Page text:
OECD tax chiefs meet to discuss Panama Papers scandal

The heads of tax authorities from 46 countries were to meet in Paris to discuss a joint response to the Panama Papers on Wednesday, one day after authorities raided the headquarters of the law firm at the centre of the major data leak.

Thousands of offshore tax havens facilitated by Panama-based law firm Mossack Fonseca were revealed in millions of documents leaked to media earlier this month. The accounts are linked to politicians, sports stars and celebrities from more than 80 countries.

"The meeting will consider how member jurisdictions can share information on leaked documents, and collaborate on analysing the data and opportunities for joint action," an Australian Tax Office (ATO) spokesman told dpa Wednesday.

Australian Tax Commissioner Chris Jordan is pushing for a major investigation by the Joint International Tax Shelter Information and Collaboration (JITSIC) network that he oversees. It comprises 46 member nations of the Organisation for Economic Co-operation and Development (OECD).

Jordan proposes that a multinational group of tax officials set up specialist teams to analyse the data and launch prosecutions.

"The meeting of JITSIC leaders to discuss the Panama Papers is unprecedented and a great opportunity to demonstrate global will and capability to take on this multilateral challenge when it matters most," the ATO spokesman said.

The ATO called the amount of data released - 11.5 million documents related to more than 210,000 companies and thousands of individuals - "extraordinary."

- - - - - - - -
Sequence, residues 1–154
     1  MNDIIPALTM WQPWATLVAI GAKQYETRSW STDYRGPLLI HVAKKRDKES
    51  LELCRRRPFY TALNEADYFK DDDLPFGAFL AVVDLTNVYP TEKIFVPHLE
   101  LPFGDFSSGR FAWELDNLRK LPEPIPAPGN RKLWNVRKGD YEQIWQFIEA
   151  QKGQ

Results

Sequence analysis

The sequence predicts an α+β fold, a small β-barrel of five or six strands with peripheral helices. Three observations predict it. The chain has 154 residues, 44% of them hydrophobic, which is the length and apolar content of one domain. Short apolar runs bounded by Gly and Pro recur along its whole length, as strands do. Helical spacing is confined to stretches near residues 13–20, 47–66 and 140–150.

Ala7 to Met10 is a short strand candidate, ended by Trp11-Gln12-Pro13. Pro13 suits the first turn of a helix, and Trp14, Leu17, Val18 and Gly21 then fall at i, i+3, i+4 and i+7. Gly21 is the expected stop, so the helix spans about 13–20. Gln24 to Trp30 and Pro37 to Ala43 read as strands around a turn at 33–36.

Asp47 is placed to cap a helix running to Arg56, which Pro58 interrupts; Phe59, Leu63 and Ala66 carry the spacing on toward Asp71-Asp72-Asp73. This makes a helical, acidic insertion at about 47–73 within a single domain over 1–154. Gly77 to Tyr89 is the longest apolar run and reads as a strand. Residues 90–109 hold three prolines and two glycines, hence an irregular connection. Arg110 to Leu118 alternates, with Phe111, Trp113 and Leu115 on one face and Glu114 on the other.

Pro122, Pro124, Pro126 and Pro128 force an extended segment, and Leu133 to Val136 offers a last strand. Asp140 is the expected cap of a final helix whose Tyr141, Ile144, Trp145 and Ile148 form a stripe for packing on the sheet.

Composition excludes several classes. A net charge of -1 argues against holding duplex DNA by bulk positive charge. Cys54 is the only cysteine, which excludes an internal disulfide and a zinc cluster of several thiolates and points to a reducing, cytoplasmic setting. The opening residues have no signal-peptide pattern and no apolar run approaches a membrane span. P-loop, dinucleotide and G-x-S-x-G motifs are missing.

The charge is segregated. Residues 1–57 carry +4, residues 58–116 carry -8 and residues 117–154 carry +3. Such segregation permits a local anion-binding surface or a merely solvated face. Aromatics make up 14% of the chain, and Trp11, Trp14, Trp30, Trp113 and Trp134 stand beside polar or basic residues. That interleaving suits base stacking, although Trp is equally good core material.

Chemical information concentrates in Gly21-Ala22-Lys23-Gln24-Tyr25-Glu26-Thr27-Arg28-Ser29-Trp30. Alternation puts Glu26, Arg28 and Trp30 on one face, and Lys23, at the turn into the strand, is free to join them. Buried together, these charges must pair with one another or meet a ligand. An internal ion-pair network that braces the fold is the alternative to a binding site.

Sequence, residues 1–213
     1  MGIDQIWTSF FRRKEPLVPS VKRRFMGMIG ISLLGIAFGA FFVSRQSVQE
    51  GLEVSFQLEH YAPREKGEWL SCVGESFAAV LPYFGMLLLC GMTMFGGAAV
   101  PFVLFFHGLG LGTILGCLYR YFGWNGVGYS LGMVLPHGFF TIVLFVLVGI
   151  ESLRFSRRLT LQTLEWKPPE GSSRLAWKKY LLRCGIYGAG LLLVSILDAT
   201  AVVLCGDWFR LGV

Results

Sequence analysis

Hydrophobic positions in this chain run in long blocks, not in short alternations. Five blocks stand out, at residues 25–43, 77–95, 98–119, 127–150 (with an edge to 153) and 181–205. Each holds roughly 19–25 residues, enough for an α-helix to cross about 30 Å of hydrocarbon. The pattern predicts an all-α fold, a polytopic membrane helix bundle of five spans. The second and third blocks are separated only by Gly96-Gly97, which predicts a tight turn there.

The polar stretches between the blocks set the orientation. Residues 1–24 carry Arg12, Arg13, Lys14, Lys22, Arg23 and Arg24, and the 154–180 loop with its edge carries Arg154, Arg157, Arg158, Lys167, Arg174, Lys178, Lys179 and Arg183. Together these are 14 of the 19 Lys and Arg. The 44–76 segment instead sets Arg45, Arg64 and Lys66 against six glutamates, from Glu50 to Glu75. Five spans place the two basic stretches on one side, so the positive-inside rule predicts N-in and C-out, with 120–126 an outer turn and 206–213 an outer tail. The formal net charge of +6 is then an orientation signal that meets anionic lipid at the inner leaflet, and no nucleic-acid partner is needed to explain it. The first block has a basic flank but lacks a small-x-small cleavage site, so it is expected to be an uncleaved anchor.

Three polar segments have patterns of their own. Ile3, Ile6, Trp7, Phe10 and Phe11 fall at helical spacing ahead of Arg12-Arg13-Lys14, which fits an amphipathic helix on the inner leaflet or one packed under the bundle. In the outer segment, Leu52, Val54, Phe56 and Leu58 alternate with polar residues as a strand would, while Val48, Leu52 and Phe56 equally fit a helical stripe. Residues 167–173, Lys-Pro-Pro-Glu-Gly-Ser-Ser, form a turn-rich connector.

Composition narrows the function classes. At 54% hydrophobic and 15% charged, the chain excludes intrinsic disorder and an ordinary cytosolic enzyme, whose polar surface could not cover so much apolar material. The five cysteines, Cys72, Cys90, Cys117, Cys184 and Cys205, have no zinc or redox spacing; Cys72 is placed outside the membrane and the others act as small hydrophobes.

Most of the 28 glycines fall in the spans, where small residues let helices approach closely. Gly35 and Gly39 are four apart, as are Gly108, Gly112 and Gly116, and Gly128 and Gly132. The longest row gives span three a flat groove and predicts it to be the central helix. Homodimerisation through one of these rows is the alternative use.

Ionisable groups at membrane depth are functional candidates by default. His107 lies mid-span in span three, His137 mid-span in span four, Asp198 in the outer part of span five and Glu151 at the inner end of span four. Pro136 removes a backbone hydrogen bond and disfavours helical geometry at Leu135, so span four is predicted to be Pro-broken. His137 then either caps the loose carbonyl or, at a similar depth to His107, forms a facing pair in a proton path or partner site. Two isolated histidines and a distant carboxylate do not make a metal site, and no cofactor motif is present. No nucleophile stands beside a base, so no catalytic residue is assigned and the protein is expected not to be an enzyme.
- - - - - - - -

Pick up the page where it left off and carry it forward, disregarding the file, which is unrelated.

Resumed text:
About 800 Australians have been listed in the files of the Panama law firm Mossack Fonseca and stand accused of concealing their wealth from the tax office.

Mossack Fonseca has stressed that it has never been accused of or charged with wrongdoing. Panama has insisted it is a law-abiding nation, promised a review of its legal and financial institutions, and objected to the moniker of "Panama Papers" used for the scandal.

Authorities in Panama City raided the premises of Mossack Fonseca as part of an investigation into whether the company facilitated tax avoidance and illegal dealings among its clients, organized crime prosecutors said on Tuesday.

Mossack Fonseca tweeted early Wednesday: "We are cooperating with the authorities, who are conducting investigations at our headquarters."

Several of the company's outposts in other countries have already been searched for evidence of illegal activity.

Shell companies set up by Mossack Fonseca or other firms are not in themselves illegal. They can serve as havens for both legal tax avoidance as well as the illegal evasion of tax obligations.

Last update: Wed, 13/04/2016 - 12:42

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